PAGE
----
We trundled into an Old West ghost town. Its single dirt road was lined with ramshackle wooden buildings. Hills carpeted with low, green scrub cascaded from the east.

I wonder where Gordon will take you, she mused. Your options are limited in a small town like San Nicholas. Maybe he’ll take you to the . . . Marla! She slammed on the brakes, and I careened forward.

The seat belt caught me in the ribs, but not quick enough to keep my head from banging into the windshield.

The pies! Ignoring the thudding pain in my skull, I whipped around and peered anxiously at the pink and white boxes stacked in the rear of the Jeep. I exhaled a shaky breath. The boxes hadn’t fallen.

A growl vibrated beside me.

I turned, eyeing Frederick. The sleeping cat hadn’t budged from the dashboard.

Charlene’s knuckles whitened on the wheel. Marla, here. Here!

What? I looked around. The street was empty. Who’s Marla?

Charlene floored the accelerator, whiplashing me against the seat. We rocketed down the dirt road and flew past a saloon, a chapel, and other random Old West buildings.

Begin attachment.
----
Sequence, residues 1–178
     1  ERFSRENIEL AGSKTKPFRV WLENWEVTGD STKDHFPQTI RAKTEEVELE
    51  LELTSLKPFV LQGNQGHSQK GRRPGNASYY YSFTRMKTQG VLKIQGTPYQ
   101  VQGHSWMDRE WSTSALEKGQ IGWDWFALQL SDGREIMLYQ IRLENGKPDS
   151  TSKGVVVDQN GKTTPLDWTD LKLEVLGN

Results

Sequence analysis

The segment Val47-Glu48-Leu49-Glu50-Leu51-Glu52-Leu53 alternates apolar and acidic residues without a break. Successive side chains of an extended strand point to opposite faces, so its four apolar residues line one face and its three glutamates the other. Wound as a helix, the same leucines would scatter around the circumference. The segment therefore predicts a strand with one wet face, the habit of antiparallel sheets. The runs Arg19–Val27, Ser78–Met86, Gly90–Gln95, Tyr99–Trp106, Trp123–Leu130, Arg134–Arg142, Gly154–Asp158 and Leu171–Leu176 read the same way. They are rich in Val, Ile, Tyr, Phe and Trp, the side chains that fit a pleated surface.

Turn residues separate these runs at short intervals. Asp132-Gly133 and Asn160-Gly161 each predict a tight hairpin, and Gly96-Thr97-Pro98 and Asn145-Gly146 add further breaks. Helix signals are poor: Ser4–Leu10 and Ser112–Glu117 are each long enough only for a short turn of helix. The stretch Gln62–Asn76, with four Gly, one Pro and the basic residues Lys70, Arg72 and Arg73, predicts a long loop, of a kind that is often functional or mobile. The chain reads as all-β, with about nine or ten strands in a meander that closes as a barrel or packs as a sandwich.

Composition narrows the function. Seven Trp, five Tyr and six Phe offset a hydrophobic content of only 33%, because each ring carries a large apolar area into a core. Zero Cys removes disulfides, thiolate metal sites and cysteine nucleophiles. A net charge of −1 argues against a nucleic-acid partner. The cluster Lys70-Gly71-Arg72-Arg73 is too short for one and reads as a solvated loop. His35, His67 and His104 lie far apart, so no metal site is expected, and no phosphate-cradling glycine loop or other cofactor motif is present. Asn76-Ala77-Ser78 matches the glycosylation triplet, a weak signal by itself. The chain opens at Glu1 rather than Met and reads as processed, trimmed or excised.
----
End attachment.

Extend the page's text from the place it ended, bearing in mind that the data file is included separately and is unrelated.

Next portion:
I yelped. Pies. Pies!

She braked hard. The Jeep screeched to a halt, engulfed in a cloud of dust.

Coughing, I rolled up the window. What was that about?

Marla, is what, she snarled. Opening her door, she gently dislodged Frederick from the dashboard and arranged him over one shoulder. Charlene strode into the dust cloud and vanished.

I unbuckled myself and clambered over the seat. Holding my breath, I lifted the lid on one of the pies in the cargo area. The air whooshed from my lungs. The pie had survived. The others might be okay as well.

Pie-eating contests are traditionally messy, but it wouldn’t do to prebreak the inventory. Not when I wanted to make a deal with the Bar X to be their regular pie supplier. Aside from guns, cowboys, and those old-timey photos where you dress like a prostitute, there’s nothing that says Old West more than hand pies. And we made awesome hand pies.

Lurching from the yellow Jeep, I dusted off my pink-and-white Pie Town T-shirt. Beneath its giant smiley face was our motto: T

URN

Y

OUR

F

ROWN

U

PSIDE

D

OWN AT

P

IE

T

OWN

! I’d designed the shirts myself, one of the perks of owning my own business.

The downsides of entrepreneurship? Baker’s hours and knuckle-biting payrolls. If I could add this wholesaling business, the latter worry would be a thing of the past.

The dust dissipated, leaving a brownish ground fog. We’d parked in front of a squat wooden building set amidst a stand of eucalyptus trees. A sign above the one-story wooden shack read: